For Nigeria to fulfill its great promise, there must be mutual respect between its diverse people and freedom of the federating units to utilise their natural endowments for self-development and fair competition.
Former Minister of Petroleum, Prof. Tam David-West, said this on Tuesday in Lagos during the launch of a book, “When Citizens Revolt: Nigerian Elites, Big Oil and the Ogoni Struggle for Self-determination”, written by Dr. Ike Okonta.
David-West frowned on what he called the country’s present ridiculous imitation of federalism and the attempts to discriminate between red-blooded and blue-blooded Nigerians.
“Either there is a true Nigerian federation or there is no Nigerian state. It’s as simple as that. Either we have a Nigerian state in which all of us are equal or there should be no state; we go back to our ethnic nations,” he said.
The professor of Virology believed Nigeria harboured too many destructive contradictions that must be resolved before it could make progress.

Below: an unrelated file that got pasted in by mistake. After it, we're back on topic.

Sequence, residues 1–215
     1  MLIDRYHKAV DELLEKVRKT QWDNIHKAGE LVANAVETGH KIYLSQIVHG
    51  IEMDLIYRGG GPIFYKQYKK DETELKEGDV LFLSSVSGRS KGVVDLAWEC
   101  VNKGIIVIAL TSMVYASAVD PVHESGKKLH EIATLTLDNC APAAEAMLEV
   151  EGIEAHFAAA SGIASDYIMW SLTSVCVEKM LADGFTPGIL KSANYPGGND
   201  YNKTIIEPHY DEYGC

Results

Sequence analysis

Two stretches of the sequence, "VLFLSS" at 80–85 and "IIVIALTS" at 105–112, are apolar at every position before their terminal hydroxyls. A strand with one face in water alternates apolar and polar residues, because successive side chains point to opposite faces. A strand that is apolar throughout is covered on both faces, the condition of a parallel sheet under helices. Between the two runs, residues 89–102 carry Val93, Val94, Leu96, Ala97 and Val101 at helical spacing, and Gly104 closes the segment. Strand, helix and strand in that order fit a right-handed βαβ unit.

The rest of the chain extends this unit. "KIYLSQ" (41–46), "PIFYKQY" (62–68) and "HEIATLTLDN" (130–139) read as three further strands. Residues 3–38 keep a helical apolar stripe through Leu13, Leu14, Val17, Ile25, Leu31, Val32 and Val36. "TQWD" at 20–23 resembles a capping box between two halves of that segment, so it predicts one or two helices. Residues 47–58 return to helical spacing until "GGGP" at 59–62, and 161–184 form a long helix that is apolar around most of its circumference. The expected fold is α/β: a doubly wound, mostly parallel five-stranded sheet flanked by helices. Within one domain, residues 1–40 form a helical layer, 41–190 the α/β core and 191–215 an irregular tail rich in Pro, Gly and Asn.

Very critical here, he said, was the situation where states of the federation went, almost on bended knees, to the Federal Government for resources to run their affairs.
Referring to the recent people's revolt in Thailand, David-West said: “We have revolutionaries, no sustained revolution. Until we have sustained rebellion, sustained revolution, the Nigerian political elite will not change.
“The Nigerian state is a state of contradictions. I don’t believe in arm struggle, except it is necessary. If you make peaceful existence impossible, you must be prepared to have violence. And violence is the only word Nigerian leaders understand.”
He described Nigeria as “a nation that hates corruption by mouth, but worships at the shrines of corruption every day, every night.”
In his own contribution, Senior Special Assistant to the Acting President, Mr. Oronto Douglas, said every Nigerian has a duty to speak up for equity and bond across ethnic, religious, economic, and political divides as the country strives to resolve its various contradictions.
“We are all on a mission here and that mission is to reclaim our humanity, reposition it within a global context that will ensure respect and dignity of us all as citizens and people in a common humanity,” Douglas said.
Among those that attended the launch were poet and social critic, Odia Ofeimun; Managing Director of THISDAY, Mr. Eniola Bello; Director, Environmental Rights Action (ERA), Mr. Nnimo Bassey; lecturer in the Department of Political Science, Lagos State University, Dr. Abubakar Momoh, who reviewed the book; presidential aide and former THISDAY Deputy Editor, Mr. Bolaji Adebiyi; and Mr. Doifie Ola.